Items Tagged with 'heart bar shoe'

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No Bells And Whistles, Just Keep It Simple

Kentucky farrier eases heel problems and keeps performance horses in the show ring
Shoeing performance horses don’t require bells and whistles. Quite the contrary, says Lexington, Ky., farrier Bobby Menker. “Just keep it simple,” he told attendees at the Wisconsin Equine Clinic & Hospital in Ocon­omowoc, Wis. “We start at the coronary band and then try to build a base all the way down. This is what I like to build for.”
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SHOEING FOR A LIVING

Freedom Is The Nature Of His Business

Oregon farrier molds his practice to provide quality hoof-care, while enjoying the High Desert of the Pacific Northwest
“I own my business — it doesn’t own me.” Kurt Fisk lives by this max­im. The Bend, Ore., farrier has found that he’s much happier and successful in his hoof-care practice as a result.
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Forging A Heart Bar Has Never Been Easier

Hall Of Fame farrier Myron McLane shows how to apply a frog plate to a keg shoe
You need a heart-bar shoe, but you don’t have time to forge one. No problem, says International Horseshoeing Hall Of Famer Myron McLane. A heart bar doesn’t need to be hand forged to be effective. All you need is a keg shoe, a short piece of bar stock and a little elbow grease.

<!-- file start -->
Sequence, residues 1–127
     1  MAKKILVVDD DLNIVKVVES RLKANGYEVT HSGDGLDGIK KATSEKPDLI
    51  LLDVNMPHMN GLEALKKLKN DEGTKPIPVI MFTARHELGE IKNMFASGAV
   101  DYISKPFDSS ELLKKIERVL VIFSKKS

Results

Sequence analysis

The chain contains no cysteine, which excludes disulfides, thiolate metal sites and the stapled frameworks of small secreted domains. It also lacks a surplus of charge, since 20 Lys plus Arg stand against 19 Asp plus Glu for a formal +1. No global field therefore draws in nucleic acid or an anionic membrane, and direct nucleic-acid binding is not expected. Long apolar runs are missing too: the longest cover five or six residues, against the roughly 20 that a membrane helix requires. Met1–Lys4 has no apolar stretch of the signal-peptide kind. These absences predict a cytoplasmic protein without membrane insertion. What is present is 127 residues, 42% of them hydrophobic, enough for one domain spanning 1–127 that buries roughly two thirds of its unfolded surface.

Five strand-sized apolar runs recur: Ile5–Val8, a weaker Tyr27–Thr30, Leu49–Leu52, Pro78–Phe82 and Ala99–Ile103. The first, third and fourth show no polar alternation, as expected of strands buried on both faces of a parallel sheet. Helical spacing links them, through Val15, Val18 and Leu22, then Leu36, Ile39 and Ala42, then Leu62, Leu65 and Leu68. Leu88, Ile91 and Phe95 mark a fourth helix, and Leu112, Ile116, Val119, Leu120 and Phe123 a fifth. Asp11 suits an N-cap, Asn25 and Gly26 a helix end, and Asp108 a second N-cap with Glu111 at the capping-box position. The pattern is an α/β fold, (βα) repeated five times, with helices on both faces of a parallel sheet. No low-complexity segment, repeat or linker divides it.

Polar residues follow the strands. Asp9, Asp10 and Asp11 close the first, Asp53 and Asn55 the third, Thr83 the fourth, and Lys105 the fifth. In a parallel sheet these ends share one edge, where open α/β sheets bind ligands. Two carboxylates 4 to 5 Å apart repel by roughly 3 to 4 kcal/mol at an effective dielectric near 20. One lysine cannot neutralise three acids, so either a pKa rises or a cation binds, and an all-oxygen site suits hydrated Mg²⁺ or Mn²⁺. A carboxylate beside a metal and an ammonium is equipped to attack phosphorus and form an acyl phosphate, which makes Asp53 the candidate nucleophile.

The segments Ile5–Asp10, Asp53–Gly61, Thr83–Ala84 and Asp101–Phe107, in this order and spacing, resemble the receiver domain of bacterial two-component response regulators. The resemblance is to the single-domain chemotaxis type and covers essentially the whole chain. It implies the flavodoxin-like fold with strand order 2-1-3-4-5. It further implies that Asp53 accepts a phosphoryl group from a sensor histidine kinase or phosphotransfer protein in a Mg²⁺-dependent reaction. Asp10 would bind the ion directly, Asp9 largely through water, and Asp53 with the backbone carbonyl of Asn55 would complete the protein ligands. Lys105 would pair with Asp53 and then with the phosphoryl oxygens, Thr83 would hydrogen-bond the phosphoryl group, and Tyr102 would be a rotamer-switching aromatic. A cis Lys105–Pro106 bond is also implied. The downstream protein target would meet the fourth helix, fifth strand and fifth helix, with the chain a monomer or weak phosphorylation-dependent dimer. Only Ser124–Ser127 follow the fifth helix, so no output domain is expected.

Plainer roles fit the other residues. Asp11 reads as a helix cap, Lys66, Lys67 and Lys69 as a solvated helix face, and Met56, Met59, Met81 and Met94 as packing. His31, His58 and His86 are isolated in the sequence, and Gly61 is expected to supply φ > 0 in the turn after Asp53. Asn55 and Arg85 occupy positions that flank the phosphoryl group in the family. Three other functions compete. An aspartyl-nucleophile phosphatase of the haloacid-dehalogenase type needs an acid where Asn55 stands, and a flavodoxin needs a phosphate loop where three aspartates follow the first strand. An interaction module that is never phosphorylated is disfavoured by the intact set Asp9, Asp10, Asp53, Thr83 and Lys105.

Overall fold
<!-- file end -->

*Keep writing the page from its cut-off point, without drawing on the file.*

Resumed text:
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Migrating Clients Require Farrier Communication And Collaboration

As seasons change and horses move between locations, farriers in different states must work together to keep horse hooves healthy
Farriers spend a lot of energy, effort and expertise to keep their charges’ feet in tip-top shape so that their clients can continue year-round. Some farriers have clients who opt to migrate their horses to other locations beyond their “home base” for part of the year, such as those whose clients show during the winter in Florida.
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Farriers Sweat The Small Stuff To Keep Performance Horses Competing

Sore feet, abscesses occur regardless of discipline and require quick and effective hoof care
Performance horses, by the very nature of the work they are asked to do, are more prone to injuries than horses that are being used primarily for recreational riding. There are a number of studies that offer evidence that certain injuries are more likely to occur with certain disciplines, but an informal survey of several experienced farriers indicates that across disciplines, more common injuries such as sore feet and abscesses are the culprits that farriers most often have to deal with.
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Does Grooving Benefit Quarter Cracks?

Hall Of Fame farrier Bob Pethick challenges its effects on heel displacement
Is the practice of grooving beneficial when managing a quarter crack? Conventional wisdom seems to indicate that it does. However, Bed­minster, N.J., farrier Bob Pethick had doubts. So when a client, who happened to be a veterinarian, bought a Quarter Horse with a bleeding quarter crack and a displaced heel quarter on the front foot, the Hall Of Fame farrier was presented with an opportunity to experiment.
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